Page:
I’ve had jars break in the canner during processing, but all of those that broke were standard canning jars.  That happened in my early days of canning, and it was my inexperience in canning that lead to that, not a defect in the jars.  So far I haven’t made any attempt to treat the recycled jars differently than the canning jars, and haven’t had any breakage issues with them. 

I also like the ‘twofer’ aspect of buying food in glass jars and then being able to use the packaging the food came in.  Unfortunately, so many foods now come in plastic jars that it’s not as easy to find glass jars to recycle! (And the kosher companies don’t use standard sized jars for the most part – all those gefilte fish jars weren’t helpful when it came to canning.  But I did use them to give Chanuka gifts in, so they were still useful. :))   These particular jars came from a health version of mayo and the others from organic and sugar free peanut butter; I think that the healthier items tend to be packed in glass rather than plastic.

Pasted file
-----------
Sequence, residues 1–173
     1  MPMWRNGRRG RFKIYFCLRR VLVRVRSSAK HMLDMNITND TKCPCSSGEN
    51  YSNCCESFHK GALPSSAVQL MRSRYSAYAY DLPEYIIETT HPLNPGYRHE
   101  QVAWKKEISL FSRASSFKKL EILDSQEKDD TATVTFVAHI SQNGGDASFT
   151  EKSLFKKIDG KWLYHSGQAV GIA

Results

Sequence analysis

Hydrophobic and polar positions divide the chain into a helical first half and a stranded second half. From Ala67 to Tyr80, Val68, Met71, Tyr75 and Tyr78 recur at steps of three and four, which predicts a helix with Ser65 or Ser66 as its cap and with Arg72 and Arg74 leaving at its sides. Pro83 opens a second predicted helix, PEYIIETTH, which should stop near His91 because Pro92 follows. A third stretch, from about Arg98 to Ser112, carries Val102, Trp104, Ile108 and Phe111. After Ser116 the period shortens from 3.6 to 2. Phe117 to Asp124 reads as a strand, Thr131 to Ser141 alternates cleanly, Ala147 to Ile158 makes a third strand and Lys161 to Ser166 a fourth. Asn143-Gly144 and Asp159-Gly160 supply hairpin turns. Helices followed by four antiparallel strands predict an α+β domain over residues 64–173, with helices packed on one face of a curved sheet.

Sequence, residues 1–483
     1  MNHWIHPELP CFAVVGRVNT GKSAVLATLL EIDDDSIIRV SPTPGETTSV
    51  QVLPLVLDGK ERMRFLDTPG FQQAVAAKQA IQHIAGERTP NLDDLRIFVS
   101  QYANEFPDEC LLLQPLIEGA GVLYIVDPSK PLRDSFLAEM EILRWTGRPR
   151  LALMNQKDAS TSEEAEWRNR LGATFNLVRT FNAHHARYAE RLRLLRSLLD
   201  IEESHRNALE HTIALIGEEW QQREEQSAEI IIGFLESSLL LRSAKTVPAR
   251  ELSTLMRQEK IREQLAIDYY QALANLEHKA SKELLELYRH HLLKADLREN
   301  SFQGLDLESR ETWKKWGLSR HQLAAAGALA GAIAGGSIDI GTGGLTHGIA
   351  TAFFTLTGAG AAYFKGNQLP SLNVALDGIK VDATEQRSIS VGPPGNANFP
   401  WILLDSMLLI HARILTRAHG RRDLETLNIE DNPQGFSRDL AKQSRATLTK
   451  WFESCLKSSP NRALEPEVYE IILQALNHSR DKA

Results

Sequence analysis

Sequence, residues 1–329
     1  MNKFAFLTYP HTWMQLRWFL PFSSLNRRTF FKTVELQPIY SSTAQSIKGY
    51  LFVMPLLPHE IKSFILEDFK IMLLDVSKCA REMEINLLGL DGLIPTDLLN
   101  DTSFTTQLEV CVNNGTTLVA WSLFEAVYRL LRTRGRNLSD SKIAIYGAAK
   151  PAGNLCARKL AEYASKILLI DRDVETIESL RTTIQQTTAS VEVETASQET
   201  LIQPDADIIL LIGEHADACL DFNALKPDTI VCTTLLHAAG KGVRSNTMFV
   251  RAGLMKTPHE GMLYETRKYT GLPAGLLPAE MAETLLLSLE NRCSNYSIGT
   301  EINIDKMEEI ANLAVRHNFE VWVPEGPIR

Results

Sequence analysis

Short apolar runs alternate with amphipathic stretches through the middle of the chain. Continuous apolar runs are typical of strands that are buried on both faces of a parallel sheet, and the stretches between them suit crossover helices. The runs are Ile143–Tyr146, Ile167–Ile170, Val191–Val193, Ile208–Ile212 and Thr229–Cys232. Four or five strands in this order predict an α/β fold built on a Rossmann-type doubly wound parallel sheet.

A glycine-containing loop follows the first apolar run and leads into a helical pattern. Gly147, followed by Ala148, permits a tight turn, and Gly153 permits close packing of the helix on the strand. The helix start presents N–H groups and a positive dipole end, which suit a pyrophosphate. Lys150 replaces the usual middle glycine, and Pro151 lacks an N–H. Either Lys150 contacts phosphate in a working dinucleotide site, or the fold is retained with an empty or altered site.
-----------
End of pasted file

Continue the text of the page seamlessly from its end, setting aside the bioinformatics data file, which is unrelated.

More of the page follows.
After soaking off the labels, I spent a very long time in the kitchen kashering used canning jars that I either purchased or was given.  The jars I bought several months ago were mostly still unkashered, so when I got this latest batch of six dozen, it was an incentive for me to get myself busy to clear the backlog.  I was getting tired after seven or eight dozen, and then noticed that my ds16 had kashered 4 dozen instead of the two dozen I thought he did (he marked the boxes a few months ago when he did them), and washed another couple of dozen in preparation for kashering (washing them is a chore since they have to be spotless and that’s not always easy).  Tonight when I write him a letter (since he’s in camp) you can be sure I’ll be thanking him for that!